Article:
HNW - Re: blackwork - starting and ending

Frank Thallas hardcorps at vcn.com
Wed Aug 16 13:27:22 PDT 2000


  I'm a "she" - can't figure out how to change the
name on Himself's computer!! <G>
  The biggest thing in blackwork is that none of it's as difficult as it
looks - just take a bit of time in the planning, and practice practice
practice!

 THLady Liadain ni Mhordha, OFO
Grand Champion of Arts and Sciences (blackwork CAN beat the flashy stuff!)
The Outlands

> He said it better then I did! ;-D
> Roslyn H.
> who first fell in love with embroidery when she was around 10-and we
aren't
> going to say how many centuries ago that was! <LOL>
>
> -----Original Message-----
> From: Frank Thallas [mailto:hardcorps at vcn.com]
> Sent: Wednesday, August 16, 2000 2:51 PM
> To: H-Needlework at ansteorra.org
> Subject: Re: HNW - Re: blackwork - starting and ending
>
>
>   Greetings, and welcome!
>     First of all, blackwork isn't necessarily seen from both sides - it
> depends on the use you're putting it to.  A ruffle
> like Jane Seymour's sleeves, a ruff, yep.  A cuff or collar, nope.  Of
> course you still want your back as tidy as possible,  since lumps and long
> threads are liable to show through fine fabric.....
>     On to the question - assuming double-running stitch?
> This is my method; I'm sure someone else has a different one just as good.
>     First, work with the longest thread you can, without it becoming
frayed.
> Make a waste knot, and sink the needle 2-3 inches from where you will
begin
> stitching.
> Leave this knot on the surface while you work the rest of the thread.
>     At the end of the thread, weave the end as neatly as possible under
the
> stitches on the back side of the work -
> this will make that bit look a little thicker, but shouldn't really be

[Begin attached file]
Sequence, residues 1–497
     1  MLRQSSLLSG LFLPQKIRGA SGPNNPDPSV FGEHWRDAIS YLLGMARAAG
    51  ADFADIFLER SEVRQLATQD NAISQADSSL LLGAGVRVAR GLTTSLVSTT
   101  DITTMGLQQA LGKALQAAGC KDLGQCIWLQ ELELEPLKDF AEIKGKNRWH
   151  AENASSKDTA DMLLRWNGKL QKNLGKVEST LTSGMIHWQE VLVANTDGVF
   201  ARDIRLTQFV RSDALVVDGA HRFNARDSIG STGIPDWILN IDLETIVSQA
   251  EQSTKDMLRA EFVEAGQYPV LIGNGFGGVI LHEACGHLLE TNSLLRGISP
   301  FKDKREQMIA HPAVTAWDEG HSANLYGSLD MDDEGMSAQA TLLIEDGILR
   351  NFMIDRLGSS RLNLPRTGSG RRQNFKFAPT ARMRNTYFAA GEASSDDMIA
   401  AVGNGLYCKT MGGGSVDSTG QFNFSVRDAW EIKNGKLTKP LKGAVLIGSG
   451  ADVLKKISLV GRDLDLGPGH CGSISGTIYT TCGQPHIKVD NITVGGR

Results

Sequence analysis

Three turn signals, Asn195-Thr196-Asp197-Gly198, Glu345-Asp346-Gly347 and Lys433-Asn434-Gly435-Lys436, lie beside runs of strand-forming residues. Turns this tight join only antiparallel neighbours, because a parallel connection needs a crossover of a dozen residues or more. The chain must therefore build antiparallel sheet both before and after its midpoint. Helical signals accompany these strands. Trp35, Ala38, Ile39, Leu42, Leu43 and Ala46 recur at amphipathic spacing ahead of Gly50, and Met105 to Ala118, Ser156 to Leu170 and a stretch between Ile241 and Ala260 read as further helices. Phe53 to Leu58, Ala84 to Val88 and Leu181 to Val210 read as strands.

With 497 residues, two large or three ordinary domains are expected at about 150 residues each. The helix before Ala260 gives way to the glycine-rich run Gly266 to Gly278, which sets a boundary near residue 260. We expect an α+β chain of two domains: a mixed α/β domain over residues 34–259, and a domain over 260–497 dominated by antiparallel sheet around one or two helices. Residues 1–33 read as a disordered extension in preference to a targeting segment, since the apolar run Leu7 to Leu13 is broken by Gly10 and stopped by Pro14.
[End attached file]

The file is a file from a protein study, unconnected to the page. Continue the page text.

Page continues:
> noticeable.
>     Now go back to the beginning, clip off your waste knot, and weave this
> end under the beginning stitches at
> the back.....
>     The big trick is to not have too many threads beginning/ending at the
> same place, so that the ends vanish into the pattern, which takes a little
> planning of
> thread journeys.
>     Good luck, and welcome to the wonderful obsession of
> blackwork!
>
> Liadain
>
> > Hello all - I am a newbie here, found out about you from H-Cost.
> >
> > My question is about blackwork embroidery - how do you start and end the
> > threads? Nothing that I have read talks about this issue. If I were
doing
> > "regular" embroidery I would catch the tail of the thread under stitches
> in
> > the back, but since you're supposed to see both sides the same, I wasn't
> sure
> > how to start and end the threads.
> >
> > Thanks for your help!
> >
> > **********************
> > Rebecca Schmitt
> > aka Mistress Agnes Cabot, wife of Master Peter Cabot, cod merchant of
> Bristol
> >
> > So many books, so little time
> >
> > schmitt100 at aol.com
> > **********************
> >
>
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